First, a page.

This year, there was a record turnout for voters across the country during the 2020 election — and the same holds true for Pennsylvania and Northampton and Lehigh counties.
As a country, about 66 percent of the voting-eligible population voted in the 2020 election — topping the 1960 election as the highest turnout ever recorded. Pennsylvania Secretary of State Kathy Boockvar announced a voter turnout rate of 70.93 percent of the voting-eligible population in the state, also surpassing 1960 for the state’s record.
Lehigh and Northampton counties recorded voter turnout rates above the record state level — at 72.7 percent and 74.9 percent respectively.
s So far, there is not much data available about the demographics of voters in Lehigh and Northampton counties, said Karen Pooley, a professor of political science at Lehigh, and a Bethlehem elected official. She said there is currently data at the county level, but it will take time for data to be available by individual voting wards.
Pooley said this year’s voter turnout notably increased from four years ago. Pennsylvania recorded a 63.6 percent turnout in 2016.
In both parties, there was a significant increase of voters in Lehigh and Northampton counties, but there was more of a bump in Democratic voters, Pooley said. There were around 31,000 more Democrartic voters and approximately 20,000 more Republican voters in 2020 than in the previous presidential election.
Pooley said both counties have become more Democratic since the 2016 election. Northampton County voted for President Donald Trump four years ago before turning blue to support President-elect Joe Biden. Biden won Lehigh County with 53 percent support compared to the 50.51 percent Democratic nominee Hillary Clinton gained in 2016, according to county data.
Pooley said Trump was a huge reason why more voters than ever before showed up to the polls.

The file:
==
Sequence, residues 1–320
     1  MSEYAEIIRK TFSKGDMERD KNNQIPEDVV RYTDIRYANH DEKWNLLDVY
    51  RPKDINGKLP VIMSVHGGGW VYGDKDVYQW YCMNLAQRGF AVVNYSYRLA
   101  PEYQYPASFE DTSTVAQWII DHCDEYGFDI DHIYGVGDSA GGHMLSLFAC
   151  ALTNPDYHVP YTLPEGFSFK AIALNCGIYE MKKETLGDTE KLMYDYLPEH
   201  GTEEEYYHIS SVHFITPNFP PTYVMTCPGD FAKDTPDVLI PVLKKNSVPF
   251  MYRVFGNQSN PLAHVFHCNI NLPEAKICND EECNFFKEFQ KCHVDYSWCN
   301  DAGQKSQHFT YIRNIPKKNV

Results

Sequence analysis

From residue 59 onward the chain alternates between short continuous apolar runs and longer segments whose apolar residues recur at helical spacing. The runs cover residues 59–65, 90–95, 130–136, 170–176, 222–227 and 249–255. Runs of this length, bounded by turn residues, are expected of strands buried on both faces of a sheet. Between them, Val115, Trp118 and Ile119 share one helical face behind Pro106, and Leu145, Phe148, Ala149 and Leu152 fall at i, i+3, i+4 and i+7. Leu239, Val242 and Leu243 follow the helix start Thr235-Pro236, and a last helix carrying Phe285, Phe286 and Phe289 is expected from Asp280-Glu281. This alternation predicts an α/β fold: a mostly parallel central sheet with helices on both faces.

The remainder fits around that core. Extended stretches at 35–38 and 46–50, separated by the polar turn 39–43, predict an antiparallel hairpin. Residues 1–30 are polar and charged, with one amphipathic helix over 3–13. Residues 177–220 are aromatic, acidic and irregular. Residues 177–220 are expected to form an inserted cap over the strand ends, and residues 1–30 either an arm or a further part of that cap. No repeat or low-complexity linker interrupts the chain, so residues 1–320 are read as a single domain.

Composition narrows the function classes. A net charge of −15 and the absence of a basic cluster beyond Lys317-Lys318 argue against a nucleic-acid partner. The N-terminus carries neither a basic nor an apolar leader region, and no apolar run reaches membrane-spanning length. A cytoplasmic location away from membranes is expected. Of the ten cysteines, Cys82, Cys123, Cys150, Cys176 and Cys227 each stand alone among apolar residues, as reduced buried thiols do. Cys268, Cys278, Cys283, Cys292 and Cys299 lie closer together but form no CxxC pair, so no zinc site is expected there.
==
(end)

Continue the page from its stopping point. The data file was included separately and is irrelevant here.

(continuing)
“People voted for (Trump) because they love him, and people voted against him because they hate him,” Pooley said.
With Biden narrowly carrying Northampton County, Lehigh students who voted in the county likely helped him, since younger voters tend to support Democratic candidates. Pooley said she knew of a number of Lehigh students who took advantage of early voting in Northampton County this election.
Some students from out the state, however, decided to keep their vote in their home state.
Noah Harrison, ‘22, said he was already registered in Massachusetts before he left for school and wanted to vote on specific issues in his hometown.
Although he chose to vote in his home state, Harrison said he understands why some students register to vote in Pennsylvania.
“I think that Northampton County voter turnout was very important,” he said. “Northampton County tends to be a crucial county in the election. I was very impressed by the voter turnout this election. There was a sense of urgency in this country for change. I think we saw that with record-setting voting turnout nationwide.”
Voter accessibility was integral to this year’s presidential election and likely aided in the turnout.
Harrison said a lot of his friends took advantage of the opportunity to vote by mail due to concerns regarding COVID-19.
Nina Alameno, ‘21, is a Democracy Fellow with the Campus Vote Project, which is supported by the Fair Elections Center, a national, nonpartisan voting rights and election reform organization.
The goal of the Campus Vote Project is to increase voter engagement among students and reduce the barriers to voting. The organization has various Democracy Fellows from campuses across the nation work closely with universities and community colleges to spread education and awareness around voting.
Alameno partnered with Lehigh’s Panhellenic Council to create a contest between Greek chapters to see who could get the highest percentage of their students to register to vote. The Democracy Fellows utilized Instagram and other social platforms to spread infographics on voting information.
Alameno said, even though there was progress for voter turnout, it was still only around 65 percent, meaning about one-third of the country is still not voting.
Along with the Campus Vote Project, Alameno herself is committed to making sure everyone’s voice is heard at the polls.
“We were really able to see that this is Lehigh, and the student body has a voice and power behind each vote,” she said. “As a first-time voter myself, I am really really pleased and proud of voter turnout, as it was the highest this election than ever before.”